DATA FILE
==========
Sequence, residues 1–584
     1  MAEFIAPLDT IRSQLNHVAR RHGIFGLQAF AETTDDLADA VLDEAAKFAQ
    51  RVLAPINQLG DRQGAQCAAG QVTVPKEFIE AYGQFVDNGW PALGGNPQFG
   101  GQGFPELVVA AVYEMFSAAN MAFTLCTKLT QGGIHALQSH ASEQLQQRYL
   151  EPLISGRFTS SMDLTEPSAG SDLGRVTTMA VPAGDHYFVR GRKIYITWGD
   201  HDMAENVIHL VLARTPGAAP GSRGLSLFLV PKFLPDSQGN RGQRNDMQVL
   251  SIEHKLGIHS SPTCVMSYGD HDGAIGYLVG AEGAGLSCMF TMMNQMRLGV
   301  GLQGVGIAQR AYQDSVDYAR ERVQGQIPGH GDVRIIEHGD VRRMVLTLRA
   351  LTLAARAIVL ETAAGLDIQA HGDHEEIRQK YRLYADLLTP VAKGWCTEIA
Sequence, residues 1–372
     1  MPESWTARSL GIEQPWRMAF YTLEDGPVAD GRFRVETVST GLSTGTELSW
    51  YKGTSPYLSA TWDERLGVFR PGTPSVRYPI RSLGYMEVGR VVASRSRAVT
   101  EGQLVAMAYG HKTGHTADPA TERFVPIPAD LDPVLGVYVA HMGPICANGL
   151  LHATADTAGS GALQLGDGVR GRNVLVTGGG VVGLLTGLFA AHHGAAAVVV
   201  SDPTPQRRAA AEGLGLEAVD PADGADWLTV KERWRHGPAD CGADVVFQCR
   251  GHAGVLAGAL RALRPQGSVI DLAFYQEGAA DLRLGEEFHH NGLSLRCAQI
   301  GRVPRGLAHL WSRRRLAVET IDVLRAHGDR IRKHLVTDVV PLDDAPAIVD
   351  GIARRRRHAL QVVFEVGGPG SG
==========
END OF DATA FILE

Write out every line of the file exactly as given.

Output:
Sequence, residues 1–584
     1  MAEFIAPLDT IRSQLNHVAR RHGIFGLQAF AETTDDLADA VLDEAAKFAQ
    51  RVLAPINQLG DRQGAQCAAG QVTVPKEFIE AYGQFVDNGW PALGGNPQFG
   101  GQGFPELVVA AVYEMFSAAN MAFTLCTKLT QGGIHALQSH ASEQLQQRYL
   151  EPLISGRFTS SMDLTEPSAG SDLGRVTTMA VPAGDHYFVR GRKIYITWGD
   201  HDMAENVIHL VLARTPGAAP GSRGLSLFLV PKFLPDSQGN RGQRNDMQVL
   251  SIEHKLGIHS SPTCVMSYGD HDGAIGYLVG AEGAGLSCMF TMMNQMRLGV
   301  GLQGVGIAQR AYQDSVDYAR ERVQGQIPGH GDVRIIEHGD VRRMVLTLRA
   351  LTLAARAIVL ETAAGLDIQA HGDHEEIRQK YRLYADLLTP VAKGWCTEIA
Sequence, residues 1–372
     1  MPESWTARSL GIEQPWRMAF YTLEDGPVAD GRFRVETVST GLSTGTELSW
    51  YKGTSPYLSA TWDERLGVFR PGTPSVRYPI RSLGYMEVGR VVASRSRAVT
   101  EGQLVAMAYG HKTGHTADPA TERFVPIPAD LDPVLGVYVA HMGPICANGL
   151  LHATADTAGS GALQLGDGVR GRNVLVTGGG VVGLLTGLFA AHHGAAAVVV
   201  SDPTPQRRAA AEGLGLEAVD PADGADWLTV KERWRHGPAD CGADVVFQCR
   251  GHAGVLAGAL RALRPQGSVI DLAFYQEGAA DLRLGEEFHH NGLSLRCAQI
   301  GRVPRGLAHL WSRRRLAVET IDVLRAHGDR IRKHLVTDVV PLDDAPAIVD
   351  GIARRRRHAL QVVFEVGGPG SG